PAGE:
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Problem Statement. I am writing a large document that is too big to provide here for illustration. For the first hundred pages or so, the hyperlinks are correctly matched to the displayed text. For example, the text might refer to page 55, and the hyperlink would also direct the PDF viewer to that page. But then, at some point, the hyperlinks start pointing to incorrect pages, much earlier in the document. For example, a link might go to page 8, but the displayed text might refer correctly to page 80. (Throughout the document, the displayed references, e.g. page numbers or section numbers, remain correct. It is the hyperlinks that are broken at some point.)

Question. is there a way to debug documents that use the hyperref package, to find out why this sort of thing is happening?

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Dan, I hope some bright spark can help you here. Unfortunately I can't (short of advising you to switch on the verbose option which, given the size of your document, isn't likely to lead anywhere very pretty). However, if your search doesn't turn up many useful answers here, why don't you repeat your question on the comp.text.tex usenet forum? (Hosted on google groups if you can't get to it any other way.) Heiko Oberdiek graciously helps out many people with hyperref problems over there. He's the best person on the planet for this sort of problem, bar none. Be sure to report back here! – Geoffrey Jones Aug 22 '10 at 13:50
Did you read your log file? Did you get any warnings? In particular, something similar to these: en.wikibooks.org/wiki/LaTeX/… ? – Jukka Suomela Aug 22 '10 at 14:44
@Jukka: Yes, I've been spending some time grepping in the log file, and reading it (as best I can) to see if there is something along the lines of the wikibooks link that you so kindly posted. I've also been removing text and seeing if I can make the problem go away. (This is, I admit, a very crude technique, but I've been programming since the 1970s and I still return to variants of it!) – dank Aug 22 '10 at 15:26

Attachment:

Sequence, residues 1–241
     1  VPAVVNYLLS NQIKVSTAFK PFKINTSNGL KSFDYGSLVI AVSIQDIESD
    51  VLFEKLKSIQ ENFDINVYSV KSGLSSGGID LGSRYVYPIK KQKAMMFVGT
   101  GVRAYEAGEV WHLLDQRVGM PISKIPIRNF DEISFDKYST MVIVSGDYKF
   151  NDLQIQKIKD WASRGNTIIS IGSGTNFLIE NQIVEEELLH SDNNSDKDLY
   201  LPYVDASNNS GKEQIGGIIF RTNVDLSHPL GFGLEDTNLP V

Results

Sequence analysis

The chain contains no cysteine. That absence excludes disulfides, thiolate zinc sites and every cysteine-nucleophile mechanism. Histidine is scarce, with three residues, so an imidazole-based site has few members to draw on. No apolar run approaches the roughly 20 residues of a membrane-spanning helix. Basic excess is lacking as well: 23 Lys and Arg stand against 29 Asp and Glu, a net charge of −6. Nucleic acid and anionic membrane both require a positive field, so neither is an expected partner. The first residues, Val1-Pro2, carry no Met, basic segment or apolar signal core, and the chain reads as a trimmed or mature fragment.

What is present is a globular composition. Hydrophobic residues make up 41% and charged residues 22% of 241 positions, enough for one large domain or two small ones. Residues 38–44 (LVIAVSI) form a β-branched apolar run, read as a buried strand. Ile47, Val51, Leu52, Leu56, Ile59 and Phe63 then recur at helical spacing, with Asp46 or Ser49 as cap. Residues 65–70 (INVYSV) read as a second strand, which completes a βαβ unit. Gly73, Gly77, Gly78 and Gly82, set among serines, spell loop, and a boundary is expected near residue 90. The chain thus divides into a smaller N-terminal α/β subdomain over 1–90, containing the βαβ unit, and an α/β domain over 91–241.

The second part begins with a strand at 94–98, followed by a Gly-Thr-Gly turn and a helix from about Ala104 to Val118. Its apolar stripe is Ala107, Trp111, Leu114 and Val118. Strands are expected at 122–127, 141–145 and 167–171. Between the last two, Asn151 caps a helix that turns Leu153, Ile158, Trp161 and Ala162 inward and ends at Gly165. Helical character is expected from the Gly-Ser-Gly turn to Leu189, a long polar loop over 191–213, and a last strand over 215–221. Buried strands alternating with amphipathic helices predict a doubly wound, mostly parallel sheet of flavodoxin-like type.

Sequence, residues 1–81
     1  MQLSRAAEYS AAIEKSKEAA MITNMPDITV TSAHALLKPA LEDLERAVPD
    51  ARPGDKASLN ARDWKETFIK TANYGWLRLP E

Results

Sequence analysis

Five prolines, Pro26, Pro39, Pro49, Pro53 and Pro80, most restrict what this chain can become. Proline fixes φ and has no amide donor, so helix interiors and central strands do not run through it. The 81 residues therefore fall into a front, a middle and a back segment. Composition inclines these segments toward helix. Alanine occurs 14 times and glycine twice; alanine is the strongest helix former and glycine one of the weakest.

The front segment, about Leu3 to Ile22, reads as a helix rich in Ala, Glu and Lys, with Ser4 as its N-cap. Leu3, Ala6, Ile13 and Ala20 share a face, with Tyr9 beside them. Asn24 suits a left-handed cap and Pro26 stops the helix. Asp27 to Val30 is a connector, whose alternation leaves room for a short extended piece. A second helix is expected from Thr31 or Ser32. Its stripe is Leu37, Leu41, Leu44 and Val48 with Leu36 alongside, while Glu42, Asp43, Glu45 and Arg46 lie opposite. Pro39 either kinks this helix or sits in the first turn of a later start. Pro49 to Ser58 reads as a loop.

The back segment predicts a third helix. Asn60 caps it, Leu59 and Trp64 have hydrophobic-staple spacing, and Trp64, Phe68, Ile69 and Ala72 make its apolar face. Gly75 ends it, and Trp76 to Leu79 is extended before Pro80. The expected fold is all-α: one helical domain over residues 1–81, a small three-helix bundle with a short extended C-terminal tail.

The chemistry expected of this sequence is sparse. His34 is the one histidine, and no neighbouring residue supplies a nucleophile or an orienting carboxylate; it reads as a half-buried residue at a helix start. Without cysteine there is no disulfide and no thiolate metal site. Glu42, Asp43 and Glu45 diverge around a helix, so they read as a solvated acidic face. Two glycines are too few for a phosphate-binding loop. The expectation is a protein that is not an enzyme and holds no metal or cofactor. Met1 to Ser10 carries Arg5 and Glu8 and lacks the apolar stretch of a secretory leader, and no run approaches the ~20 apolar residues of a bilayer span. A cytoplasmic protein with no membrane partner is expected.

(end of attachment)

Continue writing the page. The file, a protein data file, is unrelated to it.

My problem seems to have been related to a newtheorem defined in a style file use. Making my own newtheorem fixed the problem. I am adding this note as a "comment", not an "answer", because it does not address the actual question I posed, about debugging problems with hyperref. – dank Aug 22 '10 at 19:14
@dank: If you were able to resolve this problem, it would be helpful if you posted some details here in case others encounter similar problems. – Peter Grill May 9 '12 at 15:31
up vote 2 down vote accepted
  1. Clean Compile (delete all auxiliary files and do the latex-bibtex-latex-latex, etc dance from scratch)
  2. Remove/turn-off as many packages as you can. Some packages may conflict with others
  3. Reduce your document to the smallest sample showing the problem
  4. Google =)
  5. Grep *.log files and run latex interractevly to see if there are problems.

ps. inserting pdfpages can mess-up page number orderring.

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In general, binary search is powerful. Remove approx. half of your document, see if the error disappears or remains, branch and repeat. – Jukka Suomela Aug 22 '10 at 21:48

If you're using git to store your documents, and committing regularly, there is an excellent debugging method using git bisect.

First while viewing the problematic version (ie. newest commit in HEAD), start bisect, and tell it there's a problem:

git bisect start
git bisect bad

Then, use git log and git checkout <commit-hash> to find an old commit that works. Doesn't matter how old, but make sure you compile freshly and check!

Next, use git bisect good to tell git you've found a good version. Git will then check out a version half way between the two. Compile this version. Check if it's good or bad, and tell git appropriately: git bisect [good|bad].

Repeat this last step until git tells you it's found the problematic commit. It'll spit you back out at HEAD, and give you a commit hash, which you can use to see what changed with git show <commit-hash> [file name]. Once you spot the difference you can try reverting it.

If you only notice your problem after making a ton of commits, this can be a real lifesaver.

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